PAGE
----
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whilst others, under a more specious garb, seek to infuse the “deadly poison” into the souls of the youth.

The times are such, that whilst Russia and France, have been compelled to prohibit Jesuits from superintending the education of the rising generation, the door is opened to them wide, by “so called Protestants,” in the United States.

The times are such, that some Ministers and Laymen, love their ease, and not only refuse to aid the Sentinels of the Lord in watching the various manoeuvres, of the enemy, but actually feel disposed to take from them, the “alarm trumpet.” Like some, when England was encroaching upon the rights of North America, declared their readiness to yield again and again, rather than to engage in a rupture with the Monarch, preferring slavery with all its associates, sluggishness to liberty and action, thus many, external members of the Protestant Church, appear inclined to yield to infidelity and superstition, yea to the enemy in any form, rather than to contribute according to their ability, in defending the cause of Christ, and exposing the enemy in his real character to the eyes of the world.

Had not a Washington been roused, and the signers of our excellent constitution, with other associates, determined to disregard the Monarchy, and the more dangerous, secret and deceitful enemies, the tories, we should not at this period, enjoy the blessing of a republican form of government, which protects Bible religion. But, if our citizens do not in their majesty, rise, promote and sustain the cause of the Holy Bible—if they do not watch the operations of the spirit of infidelity and superstition, and by prayer, advancing in godliness, and with a firm, unwavering adherence to the truths of the Gospel, resist the enemy, our liberties must inevitably be lost. However much we may boast of the statesman Adams, the orator and statesman Clay, and the intrepid and brave Jackson, neither they nor a host of others equally eminent, will be able to prevent the enemy from robbing us and our children of our religious and civil liberties, and then to sink us, into abject slavery and awful wretchedness.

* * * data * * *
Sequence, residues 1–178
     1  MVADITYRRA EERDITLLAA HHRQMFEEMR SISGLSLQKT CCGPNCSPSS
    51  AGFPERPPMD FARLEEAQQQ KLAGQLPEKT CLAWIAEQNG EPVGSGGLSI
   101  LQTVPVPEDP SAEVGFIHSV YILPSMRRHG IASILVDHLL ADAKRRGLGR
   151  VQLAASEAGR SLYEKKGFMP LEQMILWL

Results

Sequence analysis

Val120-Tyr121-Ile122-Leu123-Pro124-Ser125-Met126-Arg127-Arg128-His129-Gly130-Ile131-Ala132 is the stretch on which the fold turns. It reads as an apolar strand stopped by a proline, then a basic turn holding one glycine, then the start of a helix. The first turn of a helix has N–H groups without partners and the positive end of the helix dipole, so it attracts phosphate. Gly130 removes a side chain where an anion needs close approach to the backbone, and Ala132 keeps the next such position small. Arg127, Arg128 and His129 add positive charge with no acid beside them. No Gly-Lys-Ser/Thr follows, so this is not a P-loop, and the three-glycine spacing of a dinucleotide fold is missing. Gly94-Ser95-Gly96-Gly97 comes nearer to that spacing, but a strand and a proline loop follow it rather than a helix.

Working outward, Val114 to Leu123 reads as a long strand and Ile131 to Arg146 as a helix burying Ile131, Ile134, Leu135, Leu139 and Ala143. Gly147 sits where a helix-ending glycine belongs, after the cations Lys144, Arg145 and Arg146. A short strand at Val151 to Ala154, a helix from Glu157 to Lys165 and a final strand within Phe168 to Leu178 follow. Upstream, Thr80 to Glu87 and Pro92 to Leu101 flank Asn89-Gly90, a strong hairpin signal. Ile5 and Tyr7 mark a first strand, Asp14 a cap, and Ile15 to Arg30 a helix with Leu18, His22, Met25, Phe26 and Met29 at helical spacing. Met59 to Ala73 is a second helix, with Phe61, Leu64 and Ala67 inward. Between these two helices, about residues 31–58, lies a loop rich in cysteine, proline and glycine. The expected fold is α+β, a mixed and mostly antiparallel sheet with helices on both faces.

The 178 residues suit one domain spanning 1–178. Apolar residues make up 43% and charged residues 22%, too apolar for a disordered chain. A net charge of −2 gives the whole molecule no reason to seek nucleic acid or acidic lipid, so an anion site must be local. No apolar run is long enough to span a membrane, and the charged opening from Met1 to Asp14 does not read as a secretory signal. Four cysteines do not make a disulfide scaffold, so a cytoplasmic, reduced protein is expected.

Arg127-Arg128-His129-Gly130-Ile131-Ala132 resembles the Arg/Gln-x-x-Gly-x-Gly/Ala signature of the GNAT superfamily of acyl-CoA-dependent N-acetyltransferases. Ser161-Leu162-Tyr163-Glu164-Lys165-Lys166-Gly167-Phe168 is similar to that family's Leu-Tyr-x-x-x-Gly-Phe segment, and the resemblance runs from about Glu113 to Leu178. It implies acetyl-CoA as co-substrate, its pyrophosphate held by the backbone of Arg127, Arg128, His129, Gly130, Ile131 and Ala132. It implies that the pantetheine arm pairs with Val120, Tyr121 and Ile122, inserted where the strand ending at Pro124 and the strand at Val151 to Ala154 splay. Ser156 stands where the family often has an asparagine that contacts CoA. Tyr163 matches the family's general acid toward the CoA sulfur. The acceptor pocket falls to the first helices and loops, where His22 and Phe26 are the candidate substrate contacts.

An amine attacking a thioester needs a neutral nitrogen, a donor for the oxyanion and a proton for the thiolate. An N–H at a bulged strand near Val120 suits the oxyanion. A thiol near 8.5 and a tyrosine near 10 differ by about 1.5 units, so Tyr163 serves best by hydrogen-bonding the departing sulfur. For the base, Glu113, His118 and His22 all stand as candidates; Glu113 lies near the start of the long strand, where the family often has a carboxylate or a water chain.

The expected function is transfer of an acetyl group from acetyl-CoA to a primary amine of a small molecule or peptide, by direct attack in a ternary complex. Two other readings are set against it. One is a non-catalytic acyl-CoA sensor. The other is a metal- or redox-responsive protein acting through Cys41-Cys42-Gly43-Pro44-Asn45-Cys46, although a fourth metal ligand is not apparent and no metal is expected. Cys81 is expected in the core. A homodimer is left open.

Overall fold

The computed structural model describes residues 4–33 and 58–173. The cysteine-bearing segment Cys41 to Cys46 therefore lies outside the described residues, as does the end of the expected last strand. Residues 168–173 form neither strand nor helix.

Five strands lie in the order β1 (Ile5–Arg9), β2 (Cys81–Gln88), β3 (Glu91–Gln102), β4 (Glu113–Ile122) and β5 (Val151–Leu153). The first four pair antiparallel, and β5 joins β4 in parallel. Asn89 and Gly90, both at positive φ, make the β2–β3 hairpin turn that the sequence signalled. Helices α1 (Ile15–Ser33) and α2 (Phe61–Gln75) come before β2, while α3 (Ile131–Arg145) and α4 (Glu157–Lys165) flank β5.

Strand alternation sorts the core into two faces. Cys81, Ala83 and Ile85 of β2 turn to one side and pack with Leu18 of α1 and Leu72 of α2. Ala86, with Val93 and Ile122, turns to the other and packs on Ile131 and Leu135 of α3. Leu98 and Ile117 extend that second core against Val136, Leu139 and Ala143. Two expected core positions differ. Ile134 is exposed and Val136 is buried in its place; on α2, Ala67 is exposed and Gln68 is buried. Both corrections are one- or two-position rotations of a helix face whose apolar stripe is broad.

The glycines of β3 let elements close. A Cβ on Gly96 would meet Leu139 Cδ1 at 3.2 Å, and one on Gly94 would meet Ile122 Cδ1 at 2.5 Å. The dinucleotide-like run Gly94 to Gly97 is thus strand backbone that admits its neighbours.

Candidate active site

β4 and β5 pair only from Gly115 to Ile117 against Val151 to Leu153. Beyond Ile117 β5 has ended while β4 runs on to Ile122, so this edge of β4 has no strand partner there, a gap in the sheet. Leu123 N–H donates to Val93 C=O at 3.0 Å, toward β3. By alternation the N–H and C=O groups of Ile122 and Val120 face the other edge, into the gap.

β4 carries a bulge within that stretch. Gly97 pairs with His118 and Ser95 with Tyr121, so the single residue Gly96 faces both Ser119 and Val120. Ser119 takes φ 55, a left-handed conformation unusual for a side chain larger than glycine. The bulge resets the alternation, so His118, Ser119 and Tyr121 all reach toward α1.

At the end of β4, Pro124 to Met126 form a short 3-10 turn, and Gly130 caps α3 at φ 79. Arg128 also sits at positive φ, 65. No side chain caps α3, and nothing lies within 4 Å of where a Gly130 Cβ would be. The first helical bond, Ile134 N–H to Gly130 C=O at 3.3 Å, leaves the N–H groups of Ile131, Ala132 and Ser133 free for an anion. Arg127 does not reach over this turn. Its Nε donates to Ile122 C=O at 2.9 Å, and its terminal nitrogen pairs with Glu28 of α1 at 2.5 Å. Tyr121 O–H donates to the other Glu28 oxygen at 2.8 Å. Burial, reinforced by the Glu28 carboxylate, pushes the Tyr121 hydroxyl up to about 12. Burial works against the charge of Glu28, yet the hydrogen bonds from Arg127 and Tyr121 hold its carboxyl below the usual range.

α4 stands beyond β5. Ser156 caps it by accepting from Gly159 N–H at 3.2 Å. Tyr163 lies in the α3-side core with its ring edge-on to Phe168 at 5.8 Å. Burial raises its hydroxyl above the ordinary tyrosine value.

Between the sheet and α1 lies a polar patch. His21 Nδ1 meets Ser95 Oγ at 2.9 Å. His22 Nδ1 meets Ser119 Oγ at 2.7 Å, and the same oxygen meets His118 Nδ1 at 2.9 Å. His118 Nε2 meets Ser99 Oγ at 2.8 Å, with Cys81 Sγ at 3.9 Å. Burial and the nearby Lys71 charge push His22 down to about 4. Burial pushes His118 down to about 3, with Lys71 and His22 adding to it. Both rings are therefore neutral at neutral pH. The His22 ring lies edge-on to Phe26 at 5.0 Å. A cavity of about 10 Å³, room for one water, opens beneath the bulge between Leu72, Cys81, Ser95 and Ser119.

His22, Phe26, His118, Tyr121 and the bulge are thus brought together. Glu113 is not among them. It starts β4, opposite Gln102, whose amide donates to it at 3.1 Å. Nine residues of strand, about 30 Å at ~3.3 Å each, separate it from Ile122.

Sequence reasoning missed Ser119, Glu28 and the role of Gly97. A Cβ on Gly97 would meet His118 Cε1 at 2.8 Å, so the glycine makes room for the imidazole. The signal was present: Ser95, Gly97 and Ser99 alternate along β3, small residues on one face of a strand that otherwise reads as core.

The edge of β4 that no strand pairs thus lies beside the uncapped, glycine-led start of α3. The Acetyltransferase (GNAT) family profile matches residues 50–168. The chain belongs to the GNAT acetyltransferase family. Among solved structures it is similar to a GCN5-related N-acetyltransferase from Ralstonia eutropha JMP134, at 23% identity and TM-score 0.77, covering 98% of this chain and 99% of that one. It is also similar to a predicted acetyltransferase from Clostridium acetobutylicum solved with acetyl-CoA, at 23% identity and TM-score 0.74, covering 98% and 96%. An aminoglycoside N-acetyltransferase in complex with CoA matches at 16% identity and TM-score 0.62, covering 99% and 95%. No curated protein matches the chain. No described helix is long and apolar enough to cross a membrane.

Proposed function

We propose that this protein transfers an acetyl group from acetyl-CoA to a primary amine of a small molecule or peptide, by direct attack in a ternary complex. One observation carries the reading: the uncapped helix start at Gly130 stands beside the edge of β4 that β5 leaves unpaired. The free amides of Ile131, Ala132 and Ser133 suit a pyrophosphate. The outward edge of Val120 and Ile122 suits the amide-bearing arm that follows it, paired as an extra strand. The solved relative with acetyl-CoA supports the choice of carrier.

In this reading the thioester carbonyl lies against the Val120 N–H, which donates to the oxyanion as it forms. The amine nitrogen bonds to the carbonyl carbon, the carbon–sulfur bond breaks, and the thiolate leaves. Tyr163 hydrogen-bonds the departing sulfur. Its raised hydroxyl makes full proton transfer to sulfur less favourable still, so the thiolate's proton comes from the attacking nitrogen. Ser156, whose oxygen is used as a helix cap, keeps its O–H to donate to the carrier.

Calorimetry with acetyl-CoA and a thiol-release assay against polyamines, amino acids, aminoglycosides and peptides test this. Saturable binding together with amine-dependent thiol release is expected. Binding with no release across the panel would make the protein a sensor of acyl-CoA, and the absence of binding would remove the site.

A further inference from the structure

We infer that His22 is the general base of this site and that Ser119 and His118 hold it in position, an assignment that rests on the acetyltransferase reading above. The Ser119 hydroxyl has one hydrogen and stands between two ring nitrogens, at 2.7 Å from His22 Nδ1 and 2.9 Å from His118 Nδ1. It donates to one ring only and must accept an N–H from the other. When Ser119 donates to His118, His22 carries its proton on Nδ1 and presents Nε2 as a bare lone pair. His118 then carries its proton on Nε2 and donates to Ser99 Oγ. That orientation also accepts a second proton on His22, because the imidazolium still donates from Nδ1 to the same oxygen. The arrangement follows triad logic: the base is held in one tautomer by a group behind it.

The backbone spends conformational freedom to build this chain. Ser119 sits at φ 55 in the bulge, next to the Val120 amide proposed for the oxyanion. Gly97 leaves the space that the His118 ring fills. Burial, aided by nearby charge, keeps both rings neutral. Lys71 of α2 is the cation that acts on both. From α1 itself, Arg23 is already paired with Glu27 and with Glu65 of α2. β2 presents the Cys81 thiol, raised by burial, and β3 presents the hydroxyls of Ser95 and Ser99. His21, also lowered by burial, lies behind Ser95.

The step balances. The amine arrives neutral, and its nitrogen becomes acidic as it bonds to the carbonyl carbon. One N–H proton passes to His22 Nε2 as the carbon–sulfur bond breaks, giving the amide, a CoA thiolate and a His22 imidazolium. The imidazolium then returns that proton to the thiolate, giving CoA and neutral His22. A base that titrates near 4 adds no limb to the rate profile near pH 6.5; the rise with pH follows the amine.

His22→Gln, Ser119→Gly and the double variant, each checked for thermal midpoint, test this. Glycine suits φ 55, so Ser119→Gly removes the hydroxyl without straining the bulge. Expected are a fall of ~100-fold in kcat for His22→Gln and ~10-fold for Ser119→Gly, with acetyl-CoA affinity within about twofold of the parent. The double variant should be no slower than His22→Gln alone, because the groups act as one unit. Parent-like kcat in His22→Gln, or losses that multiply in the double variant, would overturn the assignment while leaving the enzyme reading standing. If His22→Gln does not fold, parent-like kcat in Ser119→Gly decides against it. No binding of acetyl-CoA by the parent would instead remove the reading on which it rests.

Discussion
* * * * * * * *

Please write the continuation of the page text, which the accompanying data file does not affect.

MASONS AND ANTI-MASONS. It is true, we have not expressed ourselves upon the subject of Masonry, but in this we have not been singular. Many Editors of

religious journals have been silent, upon the subject, and we suppose, they were influenced as we have been, by the fact, that the subject was taken up by politicians. The insinuation, that Ministers generally, belong to the Fraternity, is unkind and unfounded. We know, that but few are found who are Masons, in several denominations. We ourselves have never felt it our duty, nor our privilege to join a Lodge, and we know, that a considerable majority of the Ministers of the Lutheran church never have been, and never will, become members of the Masonic association.

That Masonry does not make a good man better, is undeniable, and hence it not a religious institution, but that men who are truly pious, friends of the Bible, religious and civil liberty, are found among Masons, is equally true. That Masonry extends charity to the widow and orphan, and frequently without informing the world of it, must be admitted; but the religion of the Bible imposes this duty upon all its votaries, so that if men are duly influenced by the Truth of the Bible, they will faithfully and rigidly discharge all social duties. We cannot see any reason then, why we should join a society, which admits as members, men, who are believers or unbelievers, Turks or Christians.

That the abduction and murder of Morgan, is condemned by all Masons, with whom we have conversed, is certain, whether it occurred through the wickedness of individuals unauthorized or authorized by any lodge. But, as in a Republic, secret societies are obnoxious, and as Masonry has now become extremely unpopular and certainly is not needed in this country, we do think it the duty of Patriots and Christians to use their influence as members of the Fraternity, to dissolve the institution. This course pursued, and a great ferment now increasing in the United States, will be speedily allayed.

These remarks we trust will be satisfactory, to those who look for dissertations upon the subject of Masonry, in the Intelligencer. We leave it to the political Editors, to discuss it, and to fill their columns with such matter; we shall say no more.—Editor.